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GE-RCA merger strikes sparks. Analysts see bright new prospects for electrical giants

The biggest non-oil merger in American corporate history raises two basic questions: Why is General Electric buying RCA now? and what will be gained by the acquisition? The $6.28 billion deal will push General Electric, the 11th-largest company in the United States, to the No. 7 spot. In the process, it will give the giant consumer products manufacturer and defense contractor the top-rated (prime time) but least profitable television network, National Broadcasting Company.

The acquisition will also further transform GE into a growth company.

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``John Welch [GE's chairman] has said he doesn't want to be responsible for running a mature business,'' says William H. Newman, chairman of the Strategy Research Center at Columbia Business School. ``He's got the guys at GE really stirred up,'' adding that some spinoffs of low-growth areas in both GE and RCA could be coming down the pike, though probably not in the near future.

Mr. Newman points out that after GE sold Utah International, its natural resource unit, for $3.3 billion last year, it was left with about $5 billion in cash.

``Welch had this enormous war chest and didn't know what to do with it, and the rate at which GE could generate internal expansion was limited,'' he says. GE made an offer to buy CBS and reportedly went after Hughes Aircraft Company, which was bought by General Motors for $5 billion.

Analysts are generally positive about the GE-RCA deal. Mark Altman at PaineWebber says the $6.28 billion price tag is ``reasonable.'' He sees some synergy, or the possibility of reducing costs in similar businesses, especially in distributing various consumer electronics products.

Both RCA and GE are into consumer electronics, defense, broadcasting, and satellite communications. Mr. Altman says the two companies ``could have some trouble [with antitrust laws] because of overlap in consumer electronics and defense contracting.'' The Reagan administration has generally been more lenient than its predecessors in prosecuting antitrust cases.

Robert McCoy at Kidder, Peabody says GE is getting a very good deal. ``Jack Welch is a very smart fellow. He sees the value here, and he can run with RCA.''

Under the stewardship of Thornton F. Bradshaw, RCA has become more focused and profitable. In the last four years, profits have risen by 60 percent a year, from $54 million in 1981 to a projected $350 million this year.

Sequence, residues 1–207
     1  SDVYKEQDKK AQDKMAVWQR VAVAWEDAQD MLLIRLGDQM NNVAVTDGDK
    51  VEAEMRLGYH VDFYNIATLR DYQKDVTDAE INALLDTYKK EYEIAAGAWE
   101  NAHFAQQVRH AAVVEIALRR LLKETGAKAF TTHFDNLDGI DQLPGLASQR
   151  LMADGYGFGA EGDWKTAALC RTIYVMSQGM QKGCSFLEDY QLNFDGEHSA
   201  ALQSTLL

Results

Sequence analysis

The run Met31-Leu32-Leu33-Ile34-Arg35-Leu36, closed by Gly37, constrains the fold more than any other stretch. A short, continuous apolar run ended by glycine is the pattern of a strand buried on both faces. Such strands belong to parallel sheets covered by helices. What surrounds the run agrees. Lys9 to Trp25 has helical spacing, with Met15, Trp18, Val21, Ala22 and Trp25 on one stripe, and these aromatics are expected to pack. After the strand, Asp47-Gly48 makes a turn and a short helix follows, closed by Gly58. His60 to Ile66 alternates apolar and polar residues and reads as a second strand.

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RCA's strong position calls into question what more GE can do for the company. ``GE doesn't have much to contribute now,'' says Dr. Newman. ``The major surgery has already been done.''

Since he took the reins, Mr. Bradshaw has redirected RCA toward its traditional electronics technologies and entertainment services (broadcasting and music recording). Last year it sold its money-losing videodisc player business, sold CIT Financial Corporation, and earlier this year sold its Hertz rental car business.

Most analysts think GE chairman Welch will let RCA alone, especially where the broadcasting business is concerned. ``I don't know what talent that GE has that will make a marked improvement'' in the way NBC is run, says Newman.

Altman at PaineWebber agrees. ``NBC has strong momentum and GE will let it run the way it's been running,'' he says.

Others, however, say there may be some margin to increase the TV network's financial performance, parlaying hits like ``The Cosby Show,'' ``Cheers,'' ``Hill Street Blues,'' and ``Miami Vice'' into profits.

In the last year, all three networks have come under great pressure to improve the bottom line. For instance, Capital Cities Communications, which acquired ABC for $3.5 billion earlier this year, is known for running a tight ship and cutting costs.

CBS fended off a hostile takeover attempt by Ted Turner by buying back $954 million of its stock. It has cut out some jobs and pledged to reduce expenses by $20 million.

The timing of the GE-RCA deal appears unrelated to any tangible legislative action to stem mergers. The Federal Reserve Board last week recommended measures that would curb hostile takeovers financed by ``junk bonds.''

But GE is a triple-A-rated company and would not need to resort to that kind of financing, points out Mr. McCoy at Kidder, Peabody.

A New York State law that was passed Tuesday and is awaiting Gov. Mario Cuomo's signature would delay any hostile takeover for five years. But the law would protect companies that are both incorporated and headquartered in the state; this deal is not hostile, and even if it were, RCA is incorporated in Delaware.

The timing, says Newman, has more to do with ``the environment'' of takeover activities. ``The threat of increasing regulation, as in New York, could have been a little spur to Welch to get it done,'' he says.

He notes that the Federal Reserve's action and the New York bill, as well as court proceedings like Pennzoil's record $11.1 billion award from Texaco after Texaco bought Getty, belie a ``general feeling in the public,'' and perhaps soon in Congress, that the merger mania may have gone far enough.

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